Education, education, education! Lieutenant General Ben Freakley U.S. Army

I want to follow-up on my earlier post about what I saw and heard during my time with the U.S. Army, Don Schumacher Racing and the NHRA at the 56th Mac Tools U.S. Nationals.

One word sums up the focus I saw in many of their events.  Education.

I had a chance to sit down with Lieutenant General Ben Freakley to discuss today’s Army and why they are involved in NHRA.

 Here is that interview.  I think you’ll hear some surprising information.  Judge for yourself as I did.

**As I mentioned in an earlier post, I have spent this Labor Day weekend at the NHRA Mac Tools U.S. Nationals in Indianapolis as a guest of the U.S. Army. Although they paid my transportation costs, no editorial direction was given. I was allowed access to all events and personnel surrounding the Army’s 10th anniversary of partnering with the NHRA and Don Schumacher Racing.***


NHRA & U.S. Army team up for more than just drag racing

Let me start by saying that the U.S. Army invited me to cover their 10th anniversary celebration this weekend of sponsorship in the NHRA. That invitation included them paying my travel expenses. However, they did not tell me what to write or report.

YES-crow Something I saw very early this Friday morning at O’Reilly Raceway Park and the NHRA U.S. Nationals was very eye-opening.  A few thousand high school age men and women came to the track at 8AM to participate in the NHRA/U.S. Army Youth Education Services program. (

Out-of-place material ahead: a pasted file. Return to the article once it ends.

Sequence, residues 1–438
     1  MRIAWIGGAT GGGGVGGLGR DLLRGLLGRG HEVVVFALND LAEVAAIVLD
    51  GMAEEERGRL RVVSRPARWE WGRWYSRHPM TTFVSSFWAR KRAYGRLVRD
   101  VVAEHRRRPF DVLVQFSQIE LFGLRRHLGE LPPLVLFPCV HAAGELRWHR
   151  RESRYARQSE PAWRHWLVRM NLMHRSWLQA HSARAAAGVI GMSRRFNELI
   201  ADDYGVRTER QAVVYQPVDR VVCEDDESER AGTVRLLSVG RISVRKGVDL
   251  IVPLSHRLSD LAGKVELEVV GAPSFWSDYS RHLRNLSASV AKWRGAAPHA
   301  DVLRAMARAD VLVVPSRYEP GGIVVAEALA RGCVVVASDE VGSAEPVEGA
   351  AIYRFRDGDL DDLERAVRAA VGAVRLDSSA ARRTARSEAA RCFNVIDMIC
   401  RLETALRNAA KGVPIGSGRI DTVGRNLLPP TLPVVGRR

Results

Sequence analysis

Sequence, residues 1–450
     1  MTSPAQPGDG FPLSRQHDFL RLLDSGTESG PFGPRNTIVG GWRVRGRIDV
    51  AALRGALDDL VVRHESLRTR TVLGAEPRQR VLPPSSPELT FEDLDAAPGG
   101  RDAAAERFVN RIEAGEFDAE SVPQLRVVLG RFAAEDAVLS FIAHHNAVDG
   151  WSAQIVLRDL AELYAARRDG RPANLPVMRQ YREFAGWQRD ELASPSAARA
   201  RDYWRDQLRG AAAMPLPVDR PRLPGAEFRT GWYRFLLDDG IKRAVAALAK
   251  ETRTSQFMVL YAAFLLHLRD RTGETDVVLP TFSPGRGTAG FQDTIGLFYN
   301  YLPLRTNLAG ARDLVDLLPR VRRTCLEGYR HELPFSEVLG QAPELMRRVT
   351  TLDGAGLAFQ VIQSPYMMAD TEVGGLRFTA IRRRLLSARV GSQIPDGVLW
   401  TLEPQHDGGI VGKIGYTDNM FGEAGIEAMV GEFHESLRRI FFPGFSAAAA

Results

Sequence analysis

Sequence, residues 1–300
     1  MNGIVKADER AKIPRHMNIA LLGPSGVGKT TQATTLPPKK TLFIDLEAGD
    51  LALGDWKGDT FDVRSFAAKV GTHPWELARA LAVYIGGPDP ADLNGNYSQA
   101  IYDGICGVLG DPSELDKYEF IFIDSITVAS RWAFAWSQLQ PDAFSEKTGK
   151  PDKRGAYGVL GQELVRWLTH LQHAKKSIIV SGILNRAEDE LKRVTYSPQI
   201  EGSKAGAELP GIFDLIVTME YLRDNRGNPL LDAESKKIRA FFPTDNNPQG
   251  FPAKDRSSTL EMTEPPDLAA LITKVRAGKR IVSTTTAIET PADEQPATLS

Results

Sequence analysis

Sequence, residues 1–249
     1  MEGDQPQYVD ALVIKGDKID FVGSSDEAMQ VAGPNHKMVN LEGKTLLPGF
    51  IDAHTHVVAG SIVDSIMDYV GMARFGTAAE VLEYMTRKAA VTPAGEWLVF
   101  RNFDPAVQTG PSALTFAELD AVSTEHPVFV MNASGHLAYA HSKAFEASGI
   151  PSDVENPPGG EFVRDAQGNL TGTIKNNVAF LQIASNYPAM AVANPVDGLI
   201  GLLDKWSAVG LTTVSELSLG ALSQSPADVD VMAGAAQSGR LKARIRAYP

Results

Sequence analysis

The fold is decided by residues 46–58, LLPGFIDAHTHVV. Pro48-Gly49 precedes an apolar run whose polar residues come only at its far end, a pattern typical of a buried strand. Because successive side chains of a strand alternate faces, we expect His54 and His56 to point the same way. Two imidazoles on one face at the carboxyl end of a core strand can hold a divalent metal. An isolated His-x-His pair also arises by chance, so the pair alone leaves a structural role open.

Team Work Yes they did get a chance to do various “Army” things but they also got to hear from NHRA drivers about how an education and teamwork helped them achieve their dreams.

U.S. Army top-fuel driver and the man that has won six straight NHRA Top Fuel crowns, Tony Schumacher,  talked about how as a youngster he put off doing the hard work in high school until “tomorrow” until tomorrow became today.

There were also inspirational stories from a few Army members themselves who had served in Iraq and Afghanistan.

Hopefully these young men and women that attended the YES program will remember what they heard and saw today.  Not to have them sign up to be a member of the U.S. Army per se, but to become better students and citizens.  That in itself is a worthy outcome.